Branding for Boston
Branding is a pretty broad term but in this example I’m thinking of how the team is marketed to build a specific and consistent brand in the Boston market. I think that the success of doing such lives and dies by how a team identifies itself with its city. Boston is an old, working class town with relatively humble and unified people. Things like club name, club crest, adornments around the stadium, and even style of play need to be hooked into that. Employing a simple name and crest and filling the squad with a mix of skilled and hard-working players (11 Dirk Kuyts, please) who will leave it all out there for the shirt would lay the foundation. This ties into treating the fans like the fans they are but also ties into that ideal top-down dedication to the cause.
This little thing called winning
As much as Bostonians are crazy about their sports teams, they’re not crazy about losers. When the Bruins and Celtics spent a few years in the cellar, the Garden wasn’t selling out. Once these clubs put competitive teams on the ice/court – the C’s traded for some skyscraper called Kevin Garnett and the B’s bought a giant bear from a Russian circus named Zdeno Chara – attendance numbers turned around almost as quick as results. A proper Boston soccer club must do what’s necessary to bring in the right mix of players and be a perennial playoff contender. Don’t draw much from the comparison to the NBA and NHL though, MLS is very much it’s own beast. Team-building strategies from other franchises (I don’t know, say…the Patriots) just won’t work because their league setups and talent pools are irrelevant to MLS. Ownership, not just management, needs to know the MLS game – the ins and outs of the salary cap, international slots, all that other admin crap – to get the right deals done and put a winner on the pitch.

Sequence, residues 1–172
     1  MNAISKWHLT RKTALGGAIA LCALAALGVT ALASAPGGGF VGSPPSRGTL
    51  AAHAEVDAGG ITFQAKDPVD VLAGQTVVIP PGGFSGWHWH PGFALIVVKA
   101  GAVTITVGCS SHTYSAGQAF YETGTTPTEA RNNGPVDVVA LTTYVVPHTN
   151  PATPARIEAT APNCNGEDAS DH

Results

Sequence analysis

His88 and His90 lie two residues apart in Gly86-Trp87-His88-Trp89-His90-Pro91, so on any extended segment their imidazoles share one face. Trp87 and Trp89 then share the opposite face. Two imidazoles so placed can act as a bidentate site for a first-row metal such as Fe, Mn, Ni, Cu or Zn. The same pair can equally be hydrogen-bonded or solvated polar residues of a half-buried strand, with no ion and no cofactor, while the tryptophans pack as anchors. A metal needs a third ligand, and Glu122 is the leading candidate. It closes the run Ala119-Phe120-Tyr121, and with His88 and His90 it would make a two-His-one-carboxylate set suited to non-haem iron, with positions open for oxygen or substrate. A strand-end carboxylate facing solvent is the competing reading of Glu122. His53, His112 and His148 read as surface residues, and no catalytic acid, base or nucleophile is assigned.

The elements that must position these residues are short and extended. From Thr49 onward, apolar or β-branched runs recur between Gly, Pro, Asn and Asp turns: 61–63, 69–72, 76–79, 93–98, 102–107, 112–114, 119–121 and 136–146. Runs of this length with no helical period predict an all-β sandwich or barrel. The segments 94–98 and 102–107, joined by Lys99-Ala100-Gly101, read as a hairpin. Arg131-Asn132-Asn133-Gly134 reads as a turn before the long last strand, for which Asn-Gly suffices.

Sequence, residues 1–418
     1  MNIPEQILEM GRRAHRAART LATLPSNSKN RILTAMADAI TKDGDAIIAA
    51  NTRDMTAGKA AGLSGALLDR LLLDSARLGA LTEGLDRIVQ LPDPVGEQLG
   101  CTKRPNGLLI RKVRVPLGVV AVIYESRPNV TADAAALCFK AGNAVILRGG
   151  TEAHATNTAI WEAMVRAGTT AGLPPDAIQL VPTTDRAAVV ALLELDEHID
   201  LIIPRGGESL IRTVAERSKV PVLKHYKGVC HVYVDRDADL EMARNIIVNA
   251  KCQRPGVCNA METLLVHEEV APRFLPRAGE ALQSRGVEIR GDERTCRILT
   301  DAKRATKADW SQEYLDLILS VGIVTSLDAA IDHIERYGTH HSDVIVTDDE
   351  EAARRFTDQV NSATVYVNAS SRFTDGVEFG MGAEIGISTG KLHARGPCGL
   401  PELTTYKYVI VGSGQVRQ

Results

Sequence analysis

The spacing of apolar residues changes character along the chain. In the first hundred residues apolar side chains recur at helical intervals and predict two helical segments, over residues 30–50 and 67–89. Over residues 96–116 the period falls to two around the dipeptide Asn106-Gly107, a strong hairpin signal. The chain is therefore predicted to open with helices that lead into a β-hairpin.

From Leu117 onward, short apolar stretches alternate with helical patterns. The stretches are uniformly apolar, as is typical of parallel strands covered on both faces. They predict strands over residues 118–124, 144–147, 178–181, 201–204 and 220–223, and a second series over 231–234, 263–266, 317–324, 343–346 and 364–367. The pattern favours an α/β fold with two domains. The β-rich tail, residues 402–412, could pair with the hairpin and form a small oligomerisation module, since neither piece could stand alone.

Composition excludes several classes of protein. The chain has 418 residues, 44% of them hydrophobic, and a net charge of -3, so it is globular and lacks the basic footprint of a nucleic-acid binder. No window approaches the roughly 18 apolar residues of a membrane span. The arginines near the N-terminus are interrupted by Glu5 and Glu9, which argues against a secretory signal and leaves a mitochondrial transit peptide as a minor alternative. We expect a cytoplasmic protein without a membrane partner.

I may not live in the Boston area anymore but I know what Beantown soccer fans want, need, and expect. I was one of them for more than five years. The concepts outlined above aren’t revolutionary, not by any means. Look at Seattle and Portland for best practices on providing a spectacular gameday experience. Look at Salt Lake, New York, and LA for examples of front offices willing to do what it takes to put a great soccer team on the pitch. On the flip side, you can see what a bad stadium location does in a market like Dallas – or in Chicago where a rash front office changes coaches like socks without putting something cohesive between the white lines.
The 107 degree weather in Austin this past weekend may very well have warped my logic like a ping pong table that’s gone through too many college parties, but this I know: Boston’s soccer fans deserve a competitive and professionally run football club. The fact that so many major MLS markets have come so far only for Boston to starve as it does should shame any and all billionaire soccer fans living in the area.